AC Lens Submits Comments and Recommendations to FTC Regarding Fairness to Contact Lens Consumers Act

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Dr. Peter Clarkson, President of Columbus, OH based AC Lens, submitted formal comments and recommendations to the FTC today in response to the FTCÂ?s request for comments related to the Fairness to Contact Lens Consumers Act, which the FTC announced on January 30, 2004.

Dr. Peter Clarkson, President of Columbus, OH based AC Lens, submitted formal comments and recommendations to the FTC today in response to the FTC’s request for comments related to the Fairness to Contact Lens Consumers Act, which the FTC announced on January 30, 2004.

Dr. Clarkson’s comments highlighted several areas where the FTC could alter the proposed rule to make it easier for consumers to purchase contact lenses from alternative sources such as Internet and mail order contact lens firms. Dr. Clarkson recommended that the FTC should change the definition of “business hours” to include Saturdays since most ophthalmic practices are open on Saturdays, and this would allow AC Lens to offer customers faster prescription verification and order delivery.

The FTC also solicited comments on “Private Label” lenses, which some eye doctors prescribe in order to lock patients into purchasing those lenses from the eye doctor or a specific retail outlet because the manufacturer of these “Private Label” lenses does not make the lenses available to alternative channels, such as Internet and mail order. This practice generally leads to higher prices for consumers because there is no price competition on these products. Fortunately, companies who manufacture these lenses often have a generic equivalent that can be purchased at a discount through mail order companies and the Fairness to Contact Lens Consumers Act allows substitution of generics for the “Private Label” lenses that the eye doctor prescribed.

Dr. Clarkson also pointed out a disturbing development in the ophthalmic industry where “Prescriber Only” brands of lenses were being promoted to eye doctors as a way of “control the purchase price and keep 100% of the profits.” Dr. Clarkson commented, “These lenses are clearly anti-consumer – there is very little product innovation, the main reason a doctor would prescribe such a lens is to try and force the patient to buy the lenses from the eye doctor and not from discount channels.”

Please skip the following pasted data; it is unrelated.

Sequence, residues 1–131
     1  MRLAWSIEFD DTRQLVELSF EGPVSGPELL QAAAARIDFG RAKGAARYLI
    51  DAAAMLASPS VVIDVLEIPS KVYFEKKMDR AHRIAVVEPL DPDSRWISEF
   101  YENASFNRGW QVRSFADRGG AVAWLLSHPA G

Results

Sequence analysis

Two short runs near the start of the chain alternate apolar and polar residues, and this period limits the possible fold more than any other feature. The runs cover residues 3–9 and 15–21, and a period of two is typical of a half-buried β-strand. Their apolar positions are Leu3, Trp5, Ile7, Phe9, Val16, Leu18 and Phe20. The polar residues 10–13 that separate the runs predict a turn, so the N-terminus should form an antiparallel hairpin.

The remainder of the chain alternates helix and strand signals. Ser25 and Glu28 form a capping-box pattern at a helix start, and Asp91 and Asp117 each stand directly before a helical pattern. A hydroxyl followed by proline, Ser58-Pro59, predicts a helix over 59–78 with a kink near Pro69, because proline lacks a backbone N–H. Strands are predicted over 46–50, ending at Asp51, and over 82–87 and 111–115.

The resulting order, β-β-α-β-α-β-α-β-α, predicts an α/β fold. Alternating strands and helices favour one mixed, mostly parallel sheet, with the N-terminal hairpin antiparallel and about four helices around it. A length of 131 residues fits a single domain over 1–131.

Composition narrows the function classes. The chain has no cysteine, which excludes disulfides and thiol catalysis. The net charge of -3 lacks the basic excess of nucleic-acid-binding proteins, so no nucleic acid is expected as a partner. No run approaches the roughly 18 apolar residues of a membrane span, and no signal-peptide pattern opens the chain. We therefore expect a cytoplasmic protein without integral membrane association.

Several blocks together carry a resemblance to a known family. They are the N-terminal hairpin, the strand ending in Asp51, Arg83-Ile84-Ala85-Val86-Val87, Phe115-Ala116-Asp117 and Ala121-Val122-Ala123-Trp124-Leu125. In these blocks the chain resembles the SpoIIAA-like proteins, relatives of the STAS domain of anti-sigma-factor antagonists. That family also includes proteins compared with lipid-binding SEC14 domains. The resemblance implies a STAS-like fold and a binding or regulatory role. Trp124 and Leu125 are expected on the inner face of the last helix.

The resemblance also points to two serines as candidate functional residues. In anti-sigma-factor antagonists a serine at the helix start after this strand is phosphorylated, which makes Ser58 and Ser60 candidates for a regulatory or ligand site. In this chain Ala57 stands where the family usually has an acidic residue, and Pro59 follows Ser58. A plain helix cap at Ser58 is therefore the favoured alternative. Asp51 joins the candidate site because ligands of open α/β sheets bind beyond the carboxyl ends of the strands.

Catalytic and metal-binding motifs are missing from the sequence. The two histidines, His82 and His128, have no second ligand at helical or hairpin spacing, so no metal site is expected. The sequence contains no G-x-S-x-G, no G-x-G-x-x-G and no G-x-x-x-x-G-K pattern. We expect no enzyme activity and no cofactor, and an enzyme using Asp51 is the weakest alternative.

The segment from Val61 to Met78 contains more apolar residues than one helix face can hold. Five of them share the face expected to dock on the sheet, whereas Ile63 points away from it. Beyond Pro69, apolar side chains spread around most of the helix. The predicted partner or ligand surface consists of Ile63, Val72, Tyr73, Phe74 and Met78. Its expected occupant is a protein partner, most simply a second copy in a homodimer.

Dr. Clarkson summarized the comments he submitted as helping the FTC to tackle the challenge of fostering competition in the contact lens industry while ensuring that the health of contact lens wearers is not compromised. “AC Lens is committed to working within the new rules and hopes to partner with other members of the eye care industry to better serve patients and customers.”

The full text of Dr. Clarkson’s comments as well as the full text of the FTC’s proposed Contact Lens Rule (Fairness to Contact Lens Consumers Act, 15 U.S.C. 7601 et seq.16 C.F.R. Part 315: Contact Lens Rule16 C.F.R. Part 456: Ophthalmic Practice Rules) will be available on the FTC’s website (http://www.ftc.gov/). For more information, or copies of Dr. Clarkson’s comments, please contact: Philip Dietrich at 614-921-9857.

About AC Lens

Arlington Contact Lens Service, Inc. (AC Lens), sells brand name contact lenses directly to consumers via its website http://www.aclens.com and toll-free telephone 1-888-248-LENS. Operating from a custom-designed call-center and warehouse facility in Hilliard, Ohio, the company has been selling contact lenses online since 1996 and has established a reputation as an on-line leader in service, convenience, and discount prices for consumers.

CONTACT INFORMATION:

Philip Dietrich

AC Lens

614-921-9857

Fax: 614-921-9866

http://www.aclens.com/

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Philip Dietrich
AC LENS
614-921-9857
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